Clients were saying, ‘I’m feeling uncomfortable about valuations in the equity markets.’ Our response was, ‘Would you feel comfortable about taking some of those gains off the table and placing them in the fixed income arena?’

And by listening to them, we were able to move into the fixed income arena, which has grown mightily in the last five years. The firm has $1 billion-plus in fixed income. That’s an illustration of what you do in difficult markets; you listen to your clients and you use your best judgment to assist them.

What do you look for in employees of The Swarthmore Group?

What we look for are individuals who understand the client is king or queen, and what that refers to is being responsive to client requests, being responsive to client servicing and making absolutely sure that the client is in the forefront for them.

The second is that we hire people with the utmost integrity, because I think that’s the sine qua non in the investment business. Integrity, in some ways, is the easiest, in that you talk with people that know them, you talk with prior employers. We follow up on references.

And the other way to screen is you sit down with the candidate and see if they’re comfortable with the environment of The Swarthmore Group, and you can read that pretty easily. Are they comfortable with the other people, are they individuals who seem like they are likely to get along with other people?

What are the most important qualities for success in the financial management field?

Valuing relationships and your integrity, and I know I keep coming back to that, but your word is your bond. You keep your word even when it’s uncomfortable to. I will tell you that you would be amazed how difficult it is for people to do that.

You don’t B.S. the client because the client will always find you out. I would also include intellectual honesty in that. If you’re not self-analytical, it’s hard to be financially successful in the investment advisory business. There are going to be times when you’re going to look in the mirror and say, ‘You know what? I made a mistake on that call, got to get out.’ Or, ‘Nothing has changed, I’ve got the courage of my convictions.’

How did you approach the job of chairman of the Philadelphia Commission on School Reform?

The way I approached it was, one, to identify the client. Again, simple and elemental; the clients are the children. You’ve got to focus on the children and their families. I learned the art of triage very quickly; what are the worst problems, how do you deal with them and how do you resolve them on behalf of the kids.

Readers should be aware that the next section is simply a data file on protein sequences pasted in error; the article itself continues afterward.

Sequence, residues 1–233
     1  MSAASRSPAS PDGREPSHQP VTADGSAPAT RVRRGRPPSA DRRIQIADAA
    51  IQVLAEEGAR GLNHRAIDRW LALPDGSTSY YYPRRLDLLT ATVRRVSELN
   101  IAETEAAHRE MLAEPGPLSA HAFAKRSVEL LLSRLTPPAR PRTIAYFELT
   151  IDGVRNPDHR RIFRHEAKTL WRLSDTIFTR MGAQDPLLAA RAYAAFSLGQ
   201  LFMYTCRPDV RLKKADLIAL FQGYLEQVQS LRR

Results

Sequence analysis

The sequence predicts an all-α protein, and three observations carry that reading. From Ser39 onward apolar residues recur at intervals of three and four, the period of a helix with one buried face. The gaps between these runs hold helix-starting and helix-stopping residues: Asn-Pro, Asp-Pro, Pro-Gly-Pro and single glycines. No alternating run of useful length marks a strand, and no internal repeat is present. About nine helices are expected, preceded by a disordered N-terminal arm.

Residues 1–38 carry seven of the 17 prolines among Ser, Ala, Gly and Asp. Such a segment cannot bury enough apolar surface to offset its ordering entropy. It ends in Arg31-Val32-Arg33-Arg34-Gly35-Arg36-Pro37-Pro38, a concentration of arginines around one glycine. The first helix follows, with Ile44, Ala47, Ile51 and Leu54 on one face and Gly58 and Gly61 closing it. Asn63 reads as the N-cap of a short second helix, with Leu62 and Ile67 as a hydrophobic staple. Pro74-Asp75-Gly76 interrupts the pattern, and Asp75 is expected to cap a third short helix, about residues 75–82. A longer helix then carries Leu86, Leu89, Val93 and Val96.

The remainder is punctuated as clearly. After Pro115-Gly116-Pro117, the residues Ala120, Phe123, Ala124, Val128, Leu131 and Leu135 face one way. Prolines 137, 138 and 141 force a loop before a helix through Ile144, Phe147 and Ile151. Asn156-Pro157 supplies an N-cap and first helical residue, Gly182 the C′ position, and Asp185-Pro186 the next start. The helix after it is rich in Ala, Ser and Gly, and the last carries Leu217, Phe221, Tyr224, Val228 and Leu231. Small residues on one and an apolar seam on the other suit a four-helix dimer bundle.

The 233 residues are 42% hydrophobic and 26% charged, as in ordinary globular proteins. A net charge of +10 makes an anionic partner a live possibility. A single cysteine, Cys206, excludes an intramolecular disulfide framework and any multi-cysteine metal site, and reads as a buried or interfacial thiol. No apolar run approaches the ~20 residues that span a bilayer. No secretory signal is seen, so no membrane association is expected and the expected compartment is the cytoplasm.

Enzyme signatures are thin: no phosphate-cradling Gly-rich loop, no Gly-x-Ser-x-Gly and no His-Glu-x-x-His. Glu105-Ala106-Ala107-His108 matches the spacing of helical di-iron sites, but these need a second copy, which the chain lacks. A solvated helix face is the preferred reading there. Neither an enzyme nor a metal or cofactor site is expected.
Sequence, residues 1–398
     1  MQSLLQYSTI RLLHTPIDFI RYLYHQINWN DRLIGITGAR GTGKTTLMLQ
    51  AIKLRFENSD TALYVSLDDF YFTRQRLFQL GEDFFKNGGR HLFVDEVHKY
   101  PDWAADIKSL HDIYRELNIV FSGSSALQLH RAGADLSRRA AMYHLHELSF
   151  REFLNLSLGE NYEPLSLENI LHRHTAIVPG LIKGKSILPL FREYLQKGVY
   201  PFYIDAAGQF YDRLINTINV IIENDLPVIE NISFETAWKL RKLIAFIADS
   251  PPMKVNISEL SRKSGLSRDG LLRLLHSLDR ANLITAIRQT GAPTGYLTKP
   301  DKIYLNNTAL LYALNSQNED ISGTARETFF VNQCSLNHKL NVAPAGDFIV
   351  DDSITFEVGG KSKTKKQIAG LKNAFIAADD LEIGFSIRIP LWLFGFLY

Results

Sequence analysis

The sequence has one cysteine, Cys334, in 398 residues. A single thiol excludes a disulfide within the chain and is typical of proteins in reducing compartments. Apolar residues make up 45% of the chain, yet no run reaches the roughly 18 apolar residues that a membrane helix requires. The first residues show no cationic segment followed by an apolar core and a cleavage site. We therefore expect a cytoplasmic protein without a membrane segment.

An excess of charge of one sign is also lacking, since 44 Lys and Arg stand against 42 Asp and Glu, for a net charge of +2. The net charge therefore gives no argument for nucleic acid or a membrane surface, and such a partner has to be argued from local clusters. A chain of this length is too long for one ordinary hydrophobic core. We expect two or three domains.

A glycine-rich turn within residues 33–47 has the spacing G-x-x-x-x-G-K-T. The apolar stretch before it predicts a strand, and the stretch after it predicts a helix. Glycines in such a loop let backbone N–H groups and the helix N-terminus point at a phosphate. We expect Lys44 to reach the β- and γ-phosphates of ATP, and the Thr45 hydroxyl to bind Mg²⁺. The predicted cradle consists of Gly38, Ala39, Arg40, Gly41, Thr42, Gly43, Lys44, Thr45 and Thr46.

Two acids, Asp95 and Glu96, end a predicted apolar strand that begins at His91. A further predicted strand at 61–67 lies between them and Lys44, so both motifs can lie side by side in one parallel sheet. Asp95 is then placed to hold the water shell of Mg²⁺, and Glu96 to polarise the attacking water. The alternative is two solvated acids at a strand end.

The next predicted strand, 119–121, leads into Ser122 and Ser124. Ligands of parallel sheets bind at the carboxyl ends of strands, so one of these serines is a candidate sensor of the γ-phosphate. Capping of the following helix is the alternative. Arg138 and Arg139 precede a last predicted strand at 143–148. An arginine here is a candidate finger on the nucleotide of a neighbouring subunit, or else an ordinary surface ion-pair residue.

The other thing that was critical and remains is the focus on the children. I don’t make a statement without referencing the children, because ultimately, it’s not about the teachers, the teachers’ union, the principals, it’s not about the adults. It is the children’s business. I also knew it would be critical to find a crack jack CEO. The commission members and I worked studiously on a search to get the best CEO in place and then to act as a corporate board would, and that is to establish policy.

How do you get the disparate groups to work together for reform?

By establishing credibility, which affords the commission and the CEO the ability to have ... an accumulation of what I’ll call capital, it’s intellectual capital, it’s political capital. Because with improvements, you have credibility.

And then you do everything you can to be fair to all of the members of the partnership ... but there has to be that added conversation, to look across the table and say the children come first. Yes, it’s important to have a living wage and living benefits and so forth, but every nickel that gets saved goes back into the classroom to benefit the ultimate client.

What have you learned from your experience on the commission that influences how you think about your business?

While we’re getting larger in terms of number of people, we’re also getting larger in terms of assets under management, and what has become important is that (our CEO) choose members of her team ... the chief investment officer, the senior marketing officer, assembling that cadre of leaders is very important.

You can draw a big circle around that portion of the organization and see how important it is to the longevity and viability and service to our clients, and I have certainly seen that in a far larger organization called the Philadelphia School District.

How to reach: The Swarthmore Group, http://www.swarthmoregroup.com